What You Should Know About the Adventist Health Studies
You may have heard that Seventh-day Adventists care about health.
But what you may not know is that Adventists have been the subjects of long-term research into lifestyle and health. Since 1958, researchers from Loma Linda University School of Public Health have conducted five cohort studies. Collectively, these studies are known as the Adventist Health Studies.
These studies have helped confirm the incredible health benefits of the unique Adventist diet and lifestyle. They give us confidence that the Bible’s principles of health do work!
Read on to learn what you need to know about each study:
- Why do Seventh-day Adventists care about health?
- Why study Adventists?
- Study #1: Adventist Mortality Study
- Study #2: Adventist Health Study-1
- Study #3: Adventist Health Air Pollution Study
- Study #4: Adventist Health Study-2
- Study #5: Adventist Religion and Health Study
- Key lifestyle takeaways from the Adventist Health Studies
Why do Seventh-day Adventists care about health?
Seventh-day Adventists emphasize whole health—physical, mental, social, and spiritual. These facets are connected: Physical health affects all the others, including the spiritual.
Because Adventists live such a healthful lifestyle and tend to have a lower incidence of disease, researchers wanted to see if there was a connection. The purpose of the Adventist Health Studies has been “to measure the link between lifestyle, diet, disease, and mortality among Seventh-day Adventists.”
These studies have increased overall knowledge of lifestyle diseases—diseases that result from people’s day-to-day choices for their diet, activities, and environment.
Why study Adventists?
Adventists are an ideal demographic to study. They are very similar to one another in their lifestyle: They don’t smoke or drink, and they live active lives. But their eating habits cover a spectrum—meaning that researchers can study the impact of dietary patterns without the interference of other factors.
Adventists fit into the following dietary categories, as was the case for Adventist Health Study-1 and Adventist Health Study-2:
- Vegan—doesn’t include any animal products
- Lacto-ovo vegetarian—includes eggs and dairy
- Pesco-vegetarian—includes eggs, dairy, and fish
- Semi-vegetarian—includes meat less than once per week
- Non-vegetarian—includes meat more than once per week
Study #1: Adventist Mortality Study
The Adventist Mortality Study ran from 1958 to 1966 and looked at the death rates of Californian Adventists. The American Cancer Society provided the funding because it was conducting a similar study on the general population and wanted to compare the results. Dr. Frank Lemon and Dr. Richard Walden from Loma Linda University School of Medicine led the study.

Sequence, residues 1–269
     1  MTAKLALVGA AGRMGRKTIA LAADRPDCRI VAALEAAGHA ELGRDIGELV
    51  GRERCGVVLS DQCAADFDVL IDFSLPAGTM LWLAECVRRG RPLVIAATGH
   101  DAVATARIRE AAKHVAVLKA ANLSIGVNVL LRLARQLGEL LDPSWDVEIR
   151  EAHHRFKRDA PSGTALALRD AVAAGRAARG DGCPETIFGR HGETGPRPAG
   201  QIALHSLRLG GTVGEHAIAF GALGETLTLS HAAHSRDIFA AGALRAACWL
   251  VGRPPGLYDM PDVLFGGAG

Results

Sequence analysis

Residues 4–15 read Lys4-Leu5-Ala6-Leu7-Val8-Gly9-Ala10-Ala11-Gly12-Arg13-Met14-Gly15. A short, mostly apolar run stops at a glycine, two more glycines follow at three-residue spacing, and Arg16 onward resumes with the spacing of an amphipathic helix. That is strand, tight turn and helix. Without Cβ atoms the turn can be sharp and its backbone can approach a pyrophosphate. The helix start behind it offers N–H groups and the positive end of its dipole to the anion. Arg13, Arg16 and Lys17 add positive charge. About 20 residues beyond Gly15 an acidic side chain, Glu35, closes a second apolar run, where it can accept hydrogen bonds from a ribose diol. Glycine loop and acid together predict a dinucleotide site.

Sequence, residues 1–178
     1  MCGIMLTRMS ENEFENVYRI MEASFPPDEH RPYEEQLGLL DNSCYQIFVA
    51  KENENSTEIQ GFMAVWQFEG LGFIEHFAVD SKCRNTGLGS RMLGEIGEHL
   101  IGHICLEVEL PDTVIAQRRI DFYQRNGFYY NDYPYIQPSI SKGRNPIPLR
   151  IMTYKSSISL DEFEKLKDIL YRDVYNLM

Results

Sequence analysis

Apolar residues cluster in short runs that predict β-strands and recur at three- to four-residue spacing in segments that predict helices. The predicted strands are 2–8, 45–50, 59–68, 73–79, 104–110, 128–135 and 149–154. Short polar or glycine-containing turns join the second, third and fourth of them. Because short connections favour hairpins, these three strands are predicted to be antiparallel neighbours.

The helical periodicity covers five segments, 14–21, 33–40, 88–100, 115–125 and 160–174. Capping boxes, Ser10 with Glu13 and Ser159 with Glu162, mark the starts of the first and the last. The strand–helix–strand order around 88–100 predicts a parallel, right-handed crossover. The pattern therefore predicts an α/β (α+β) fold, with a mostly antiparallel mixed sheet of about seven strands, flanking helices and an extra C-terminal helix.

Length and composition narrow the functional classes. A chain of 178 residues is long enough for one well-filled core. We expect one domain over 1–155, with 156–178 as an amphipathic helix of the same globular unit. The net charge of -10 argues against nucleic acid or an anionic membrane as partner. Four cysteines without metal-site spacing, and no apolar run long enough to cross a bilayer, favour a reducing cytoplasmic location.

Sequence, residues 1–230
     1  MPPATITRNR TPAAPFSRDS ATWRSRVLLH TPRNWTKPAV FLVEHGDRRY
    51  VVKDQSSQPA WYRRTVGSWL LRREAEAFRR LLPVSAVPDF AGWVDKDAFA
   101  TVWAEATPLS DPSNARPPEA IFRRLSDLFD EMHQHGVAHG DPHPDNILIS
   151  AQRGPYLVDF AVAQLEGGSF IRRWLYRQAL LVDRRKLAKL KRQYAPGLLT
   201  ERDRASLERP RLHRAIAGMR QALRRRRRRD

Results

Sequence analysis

The study included 22,940 Seventh-day Adventists who lived in California.
The researchers surveyed the participants and then followed up with them after five years. Though the study spanned eight years, one more follow-up took place 25 years later.
The main finding of the study was this:
Adventists live longer than the general population. Their death rates are lower for all causes of death, including multiple kinds of cancer, cardiovascular disease, stroke, and diabetes.
This was the case even when Adventists were compared with only non-smoking, non-Adventists. Thus, other aspects of lifestyle made a difference, too!
Study #2: Adventist Health Study-1 (AHS-1)
From 1974 to 1988, the National Cancer Institute sponsored Loma Linda University to do a second study: Adventist Health Study-1. This time, instead of comparing Adventists and non-Adventists, researchers wanted to investigate the relationship between diet and cancer. In 1981, they also expanded it to cover cardiovascular disease.
Dr. Roland Phillips was the head researcher this time, followed by Dr. Gary E. Fraser who took over after his death in 1987.
AHS-1 involved 34,192 Adventists who lived in California. They had to be at least 30 years of age or older, though the average age of the women was 53, and the average age of the men was 51. Most of them reported that they exercised regularly.